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If $X$ is an irreducible algebraic variety (over $\mathbb C$), an algebraic vector bundle of rank $r$ over $X$ is a couple $(E,\pi)$ where $E$ is an algebraic variety and $\pi: E\longrightarrow X$ is a surjective morphism, with the following properties:

1) $\pi^{-1}(x)$ is a vector space isomorphic to $\mathbb C^r$ for every $x\in X$

2) For every $x\in X$ there are an open neighborhood $U$ and an isomorphism of varieties $\phi_U:\pi^{-1}(U)\longrightarrow U\times\mathbb C^r$ such that:

2a) $ \pi_1\circ\phi_U=\pi$ where $\pi_1:U\times\mathbb C^r\rightarrow U$ is the canonical projection on $U$.

2b) $\phi_U|_{\pi^{-1}(x)}:\pi^{-1}(x)\longrightarrow \{x\}\times\mathbb C^r$ is an isomorphism of vector spaces.


One can also construct an algebraic vector bundle by an open cover $\{U_\alpha\}$ of $X$ and some functions $g_{\alpha\beta}:U_\alpha\cap U_\beta\longrightarrow GL_r(\mathbb C)$ which satisfy some cocicle conditions. Now my question is the following:

Are the functions $g_{\alpha\beta}$ morphisms between varieties? (remember that $GL_r(\mathbb C)$ is an open affine subvariety of $\mathbb C^{r^2}$)

For example Cox in his book on Toric varieties says only that $g_{\alpha\beta}$ is a function. But for smooth manifolds, $g_{\alpha\beta}$ must be a smooth function, so by analogy I think that in the algebraic case $g_{\alpha\beta}$ should be a morphism.

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Yes.

First of all, this is not quite the correct defintion. The vector space structure of the fibers (more generally, on the sections) is not a property. It is an additional structure which belongs to the vector bundle. The modern definition of a vector bundle (which works for manifolds, analytic spaces and schemes at once, in fact arbitrary ringed spaces) is that of a locally free sheaf of modules. Actually this definition simplifies lots of constructions for vector bundles. And it also makes clear what is part of the structure (the sheaf of modules) and what is a property (local triviality). $(\star)$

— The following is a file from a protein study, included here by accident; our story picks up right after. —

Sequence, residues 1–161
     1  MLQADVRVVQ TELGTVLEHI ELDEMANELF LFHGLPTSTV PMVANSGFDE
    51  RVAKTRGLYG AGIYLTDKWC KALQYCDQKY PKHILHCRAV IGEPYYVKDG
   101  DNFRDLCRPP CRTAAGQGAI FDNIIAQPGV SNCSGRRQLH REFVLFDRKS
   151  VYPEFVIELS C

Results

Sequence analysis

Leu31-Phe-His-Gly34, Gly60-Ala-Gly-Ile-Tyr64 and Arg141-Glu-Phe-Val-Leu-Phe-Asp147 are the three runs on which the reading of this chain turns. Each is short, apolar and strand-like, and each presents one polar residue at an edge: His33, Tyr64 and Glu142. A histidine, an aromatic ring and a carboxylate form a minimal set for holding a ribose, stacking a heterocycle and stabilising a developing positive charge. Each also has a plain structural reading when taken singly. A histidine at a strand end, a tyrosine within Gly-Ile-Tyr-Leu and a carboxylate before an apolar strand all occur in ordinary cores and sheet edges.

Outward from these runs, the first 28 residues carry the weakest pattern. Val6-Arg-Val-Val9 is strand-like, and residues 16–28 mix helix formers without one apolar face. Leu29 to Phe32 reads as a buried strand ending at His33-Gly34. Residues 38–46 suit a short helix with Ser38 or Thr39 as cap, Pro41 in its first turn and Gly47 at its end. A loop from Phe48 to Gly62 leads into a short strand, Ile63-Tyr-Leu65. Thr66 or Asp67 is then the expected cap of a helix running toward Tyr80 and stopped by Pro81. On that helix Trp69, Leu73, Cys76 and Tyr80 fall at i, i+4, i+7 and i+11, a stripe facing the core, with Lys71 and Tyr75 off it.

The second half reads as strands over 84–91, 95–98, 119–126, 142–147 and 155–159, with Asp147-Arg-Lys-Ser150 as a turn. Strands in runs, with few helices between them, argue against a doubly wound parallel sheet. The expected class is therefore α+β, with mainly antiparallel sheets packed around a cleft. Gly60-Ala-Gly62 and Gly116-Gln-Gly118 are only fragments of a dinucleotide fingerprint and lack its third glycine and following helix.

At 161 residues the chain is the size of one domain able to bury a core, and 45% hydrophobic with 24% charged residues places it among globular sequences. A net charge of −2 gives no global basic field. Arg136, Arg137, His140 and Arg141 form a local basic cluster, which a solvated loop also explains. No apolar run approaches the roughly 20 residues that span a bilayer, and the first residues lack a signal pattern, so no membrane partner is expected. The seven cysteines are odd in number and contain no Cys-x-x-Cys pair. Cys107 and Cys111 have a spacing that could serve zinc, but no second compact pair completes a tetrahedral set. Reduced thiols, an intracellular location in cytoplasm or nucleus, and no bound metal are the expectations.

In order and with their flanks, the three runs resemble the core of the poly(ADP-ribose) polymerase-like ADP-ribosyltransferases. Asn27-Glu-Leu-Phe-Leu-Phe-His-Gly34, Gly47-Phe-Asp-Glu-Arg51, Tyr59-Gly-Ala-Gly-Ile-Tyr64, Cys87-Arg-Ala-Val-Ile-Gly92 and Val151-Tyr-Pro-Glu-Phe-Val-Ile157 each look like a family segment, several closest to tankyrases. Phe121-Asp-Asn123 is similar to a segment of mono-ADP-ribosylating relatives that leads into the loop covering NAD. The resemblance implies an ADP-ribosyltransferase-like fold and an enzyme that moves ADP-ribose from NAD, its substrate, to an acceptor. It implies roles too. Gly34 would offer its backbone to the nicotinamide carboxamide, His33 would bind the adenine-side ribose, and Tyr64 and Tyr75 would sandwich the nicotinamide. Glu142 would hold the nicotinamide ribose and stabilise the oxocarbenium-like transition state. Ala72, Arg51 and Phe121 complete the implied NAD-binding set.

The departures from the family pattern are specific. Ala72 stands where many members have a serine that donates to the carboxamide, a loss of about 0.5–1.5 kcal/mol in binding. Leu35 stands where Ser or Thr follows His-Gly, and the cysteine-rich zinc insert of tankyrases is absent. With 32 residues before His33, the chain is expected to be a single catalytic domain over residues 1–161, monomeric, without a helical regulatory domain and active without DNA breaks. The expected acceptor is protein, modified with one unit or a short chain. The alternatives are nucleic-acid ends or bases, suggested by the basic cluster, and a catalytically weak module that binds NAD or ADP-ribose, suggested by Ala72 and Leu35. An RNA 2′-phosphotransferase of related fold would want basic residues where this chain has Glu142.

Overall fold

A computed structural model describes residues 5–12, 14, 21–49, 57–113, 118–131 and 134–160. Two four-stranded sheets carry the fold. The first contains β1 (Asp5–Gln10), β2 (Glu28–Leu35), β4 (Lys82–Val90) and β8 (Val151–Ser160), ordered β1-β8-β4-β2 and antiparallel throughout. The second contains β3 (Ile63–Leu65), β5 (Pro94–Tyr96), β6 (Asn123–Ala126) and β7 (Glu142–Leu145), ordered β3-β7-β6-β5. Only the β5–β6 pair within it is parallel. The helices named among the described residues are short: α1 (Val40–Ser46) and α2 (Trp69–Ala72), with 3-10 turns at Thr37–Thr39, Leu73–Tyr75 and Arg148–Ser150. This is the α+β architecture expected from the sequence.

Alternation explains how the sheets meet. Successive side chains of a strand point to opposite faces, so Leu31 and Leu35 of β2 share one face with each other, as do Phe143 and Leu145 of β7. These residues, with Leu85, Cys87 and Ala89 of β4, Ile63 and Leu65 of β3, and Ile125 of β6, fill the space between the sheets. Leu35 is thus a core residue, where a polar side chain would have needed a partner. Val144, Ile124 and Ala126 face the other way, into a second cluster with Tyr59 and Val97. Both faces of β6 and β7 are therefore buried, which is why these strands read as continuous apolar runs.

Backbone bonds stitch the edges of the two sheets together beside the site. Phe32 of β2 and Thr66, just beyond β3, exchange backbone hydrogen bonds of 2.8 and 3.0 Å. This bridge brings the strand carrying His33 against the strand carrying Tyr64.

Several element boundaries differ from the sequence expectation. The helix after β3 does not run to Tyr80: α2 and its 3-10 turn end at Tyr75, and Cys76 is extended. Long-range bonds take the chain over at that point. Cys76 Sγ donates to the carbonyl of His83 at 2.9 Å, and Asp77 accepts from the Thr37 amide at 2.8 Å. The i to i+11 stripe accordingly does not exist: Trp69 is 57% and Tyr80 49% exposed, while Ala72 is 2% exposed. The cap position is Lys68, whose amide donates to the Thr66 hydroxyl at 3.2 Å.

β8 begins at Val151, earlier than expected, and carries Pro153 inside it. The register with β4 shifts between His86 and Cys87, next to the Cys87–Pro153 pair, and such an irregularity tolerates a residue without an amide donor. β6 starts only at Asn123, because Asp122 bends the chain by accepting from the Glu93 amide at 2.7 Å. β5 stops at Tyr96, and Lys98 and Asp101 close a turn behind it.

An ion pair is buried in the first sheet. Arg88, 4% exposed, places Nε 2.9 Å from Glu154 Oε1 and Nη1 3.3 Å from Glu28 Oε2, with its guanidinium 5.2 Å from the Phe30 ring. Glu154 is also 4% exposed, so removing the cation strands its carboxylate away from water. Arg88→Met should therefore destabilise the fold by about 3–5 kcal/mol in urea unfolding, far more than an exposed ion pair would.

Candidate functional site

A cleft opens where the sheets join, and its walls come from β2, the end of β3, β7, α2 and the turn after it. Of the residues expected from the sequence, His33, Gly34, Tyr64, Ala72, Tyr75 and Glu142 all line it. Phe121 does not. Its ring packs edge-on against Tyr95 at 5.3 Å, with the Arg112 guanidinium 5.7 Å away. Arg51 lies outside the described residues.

If $X$ is a ringed space and $F$ is a vector bundle of rank $n$ on $X$, then the definition tells us that there is an open covering $X = \cup_i X_i$ such that $F|_{X_i}$ is free of rank $n$, i.e. isomorphic to $\mathcal{O}_{X_i}^n$. On the intersections we get an automorphism of the sheaf of modules $\mathcal {O}_{X_i \cap X_j}^n$. This can be desribed as an element of $\mathrm{GL}_n(\mathcal{O}(X_i \cap X_j))$. Just for the sake of completeness (skip this if you don't know cohomology yet), this cocycle description may be refined and summarized as $\mathrm{Vect}_n(X) \cong \check{H}^1(X,\mathrm{GL}_n)$.

If $X$ is a scheme (or just a variety), then there is an isomorphism $$\mathrm{GL}_n(\mathcal{O}(X)) \cong \mathrm{Hom}_{\mathrm{Sch}}(X,\mathrm{GL}_n).$$ Actually this could serve as a functorial defintition of the (group) scheme $\mathrm{GL}_n$. More concretely, $\mathrm{GL}_n$ is the spectrum of $k[\{x_{ij}\}][\mathrm{det}^{-1}]$ if $k$ is our base ring which I have omitted so far from the notation.

Of course, $\mathrm{Hom}_{\mathrm{Sch}}(X,\mathrm{GL}_n)$ differs a lot from the (huge and uninteresting) set of all maps of the underlying sets $|X| \to |\mathrm{GL}_n|$. Hence, cocycles $X_i \cap X_j \to \mathrm{GL}_n$ should be morphisms of schemes (or varieties if $X$ is a variety).

You can also specialize to topological vector bundles: here $X$ is a topological space equipped with the sheaf of continuous functions, say with values in $\mathbb{C}$. The cocycles should be continuous maps $X_i \cap X_j \to \mathrm{GL}_n(\mathbb{C})$, not just arbitrary maps. For holomorphic vector bundles, take holomorphic cocycles, etc.

$(\star)$ The connection to the classical / geometric vector bundles is given as follows: If $F$ is a sheaf of modules on a scheme $X$, then $V(F) := \mathrm{Spec}(\mathrm{Sym}(F^*))$ is a scheme which is affine over $X$. For $F=\mathcal{O}_X^n$ we have $V(F)=\mathbb{A}^n_X$. Thus, if $F$ is locally free, we have that $V(F)$ is locally trivial in the usual sense.

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    $\begingroup$ Beautiful! But I have a trouble; a vector bundle should be a variety, but a sheaf of modules on $X$ is not a variety. $\endgroup$ – Dubious Nov 5 '13 at 11:40
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    $\begingroup$ See $(\star)$ ... $\endgroup$ – Martin Brandenburg Nov 5 '13 at 17:38

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